Ru-AMP was found to be a very good substrate of β-lactamase. Hydrolysis of Ru-AMP (33 μM) by β-lactamase I from Bacillus cereus (0.3 nM) was monitored spectrophotometrically at 240 nm using a Hitachi U3200 spectrophotometer (Danbury, Conn., USA) at 25.0° C. in 0.1 M sodium phosphate, pH 7.0. Half-time (t˝) analysis gave a kcat/Km for enzymatic hydrolysis of Ru-AMP of 3.9×108 min−1M−1.

The ECL properties of equimolar mixtures of Ru(bpy)3 +2 and ampicillin (hydrolyzed or unhydrolyzed) were compared to the same concentration of the Ru-AMP conjugate (hydrolyzed or unhydrolyzed). In separate experiments, ampicillin and Ru-AMP were hydrolyzed by either 50 mM NaOH (base hydrolysis) or 347 nM β-lactam I from Bacillus cereus (enzyme hydrolysis). For base hydrolysis, 50 μL of 5 M NaOH were added to 1.0 mL solutions of deionized water containing either 30.1 μM Ru-AMP or a mixture of 30 μM ampicillin and 30 μM Ru(bpy)3 +2. Following 30 minute incubations, the solutions were neutralized with 50 μL of 5 M HCl. For the unhydrolyzed counterpart experiments, 50 μL of 5 M H2O were added to solutions of either 30.1 μM Ru-AMP or a mixture containing 30.0 μM ampicillin and 30.0 μM Ru(bpy)3 +2. Following 30 minute incubations, 50 μL of 5 M NaCl was added to these solutions. The results shown in FIG. 8 demonstrate: (1) that ampicillin hydrolysis by either NaOH or β-lactamase causes an increase in the ECL of the mixtures; and (2) that the increase in the ECL caused by the hydrolysis is dramatically greater when the light-emitting ruthenium complex is covalently linked to ampicillin. With base hydrolysis, ECL increased 1.5-fold when ampicillin was hydrolyzed in a mixture of ampicillin and Ru(bpy)3 +2, while ECL increased 5.2-fold when Ru-AMP was hydrolyzed. Similar results were obtained in enzyme hydrolysis: ECL increased 2.1-fold when ampicillin was hydrolyzed in a mixture of ampicillin and Ru(bpy)3 +2, while ECL increased 9.8-fold upon hydrolysis of Ru-AMP. The data establishing these conclusions is found in FIG. 8 which shows the experimentally measured electrochemiluminescence of (from left to right):

Ru(bpy)3 +2 alone;

Ru(bpy)3 +2 plus unhydrolyzed ampicillin;

Ru(bpy)3 +2 plus NaOH-hydrolyzed ampicillin;

unhydrolyzed Ru-AMP;

NaOH-hydrolyzed Ru-AMP;

Ru(bpy)3 +2 plus unhydrolyzed ampicillin;

Ru(bpy)3 +2 plus β-lactamase-hydrolyzed ampicillin;

unhydrolyzed Ru-AMP; and

β-lactamase-hydrolyzed Ru-AMP.

This work was confirmed in a second experiment using enzyme hydrolysis which differed in that the incubating time with enzyme was lengthened from 30 to 60 minutes (FIG. 9). Here, enzyme hydrolysis caused a 2.5-fold increase in ECL when ampicillin and Ru(bpy)3 +2 were conjugated and an 11.1-fold increase in ECL when the Ru-AMP conjugate was hydrolyzed. The data establishing these conclusions is found in FIG. 9 which shows the experimentally measured luminescence of (from left to right):

Ru(bpy)3 +2 alone;

Ru(bpy)3 +2 plus unhydrolyzed ampicillin;

Ru(bpy)3 +2 plus β-lactamase-hydrolyzed ampicillin; unhydrolyzed Ru-AMP; and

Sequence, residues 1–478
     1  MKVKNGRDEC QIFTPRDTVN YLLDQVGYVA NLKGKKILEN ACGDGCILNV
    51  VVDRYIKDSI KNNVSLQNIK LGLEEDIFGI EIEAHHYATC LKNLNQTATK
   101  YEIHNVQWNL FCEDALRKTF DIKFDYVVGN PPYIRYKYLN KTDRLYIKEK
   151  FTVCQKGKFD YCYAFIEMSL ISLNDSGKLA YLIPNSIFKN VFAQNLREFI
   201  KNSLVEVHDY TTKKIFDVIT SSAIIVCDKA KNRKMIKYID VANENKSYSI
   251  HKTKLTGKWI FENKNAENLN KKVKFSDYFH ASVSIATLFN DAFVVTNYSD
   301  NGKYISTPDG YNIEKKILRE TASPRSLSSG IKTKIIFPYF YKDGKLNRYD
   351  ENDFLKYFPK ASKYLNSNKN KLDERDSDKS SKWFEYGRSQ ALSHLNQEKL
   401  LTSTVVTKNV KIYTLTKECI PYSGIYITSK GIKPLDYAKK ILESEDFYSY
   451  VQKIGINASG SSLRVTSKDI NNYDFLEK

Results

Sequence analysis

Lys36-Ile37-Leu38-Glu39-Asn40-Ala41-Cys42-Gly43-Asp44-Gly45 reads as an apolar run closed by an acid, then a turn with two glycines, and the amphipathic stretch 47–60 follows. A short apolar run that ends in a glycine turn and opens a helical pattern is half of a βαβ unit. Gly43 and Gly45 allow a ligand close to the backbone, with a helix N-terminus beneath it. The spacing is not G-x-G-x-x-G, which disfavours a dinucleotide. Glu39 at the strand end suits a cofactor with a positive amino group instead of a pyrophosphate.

β-lactamase-hydrolyzed Ru-AMP.

These results show that Ru(bpy)3 +2-conjugation caused intramolecular effects that dramatically increase the experimentally measured luminescence when the β-lactam ring is hydrolyzed.

FIG. 10 shows that low concentrations of Ru-AMP can be detected by hydrolysis. The lower limit of detection was found to be 50 nM (464 relative ECL counts for hydrolyzed Ru-AMP versus an average instrument reading of −152 relative counts for unhydrolyzed Ru-AMP). This compares favorably to the lower limit for detection of (unconjugated) ampicillin hydrolysis which was 5000 nM.

Example 3

ECL Assay of RU-APA Hydrolysis

It was thought that Ru-APA might have different ECL properties (before and after hydrolysis) from those of Ru-AMP. The differences would be a consequence of the structural differences between APA and AMP, especially the difference in distance between the β-lactam ring and the primary amino group used to conjugate Ru(bpy)3 +2-NHS ester (FIG. 7). In Ru-AMP, the β-lactam ring is three bond lengths farther from the amino group than in Ru-APA. Specifically, hydrolysis of Ru-APA (or other β-lactam conjugates) may be more or less sensitively detected by ECL than Ru-AMP hydrolysis.

The ECL properties of the Ru-APA conjugate were compared with those of the mixtures of unconjugated Ru(bpy)3 +2 and 6-APA. ECL properties were compared before and after NaOH and enzymatic hydrolysis. The data was then compared to the results of similar experiments with Ru-AMP described in Example 2.

Ru-APA was found to be a very good substrate of β-lactamase. Hydrolysis of Ru-APA (23 μM) by β-lactamase I from Bacillus cereus (0.6 nM) was monitored spectrophotometrically at 240 nm using a Hitachi U3200 spectrophotometer (Danbury, Conn., USA) at 25.0° C. in 0.1 M sodium phosphate, pH 7.0. Half-time (t˝) analysis gave a kcat/Km for enzymatic hydrolysis of Ru-APA of 9.8×107 min−1M−1.

The ECL properties of equimolar mixtures of Ru(bpy)3 +2 and ampicillin (hydrolyzed or unhydrolyzed) were compared with the same concentration of the Ru-APA conjugate (hydrolyzed or unhydrolyzed). In separate experiments, 6-APA and Ru-APA were hydrolyzed by either 50 mM NaOH (base hydrolysis) or 3.8 μM β-lactamase I from Bacillus cereus (enzyme hydrolysis).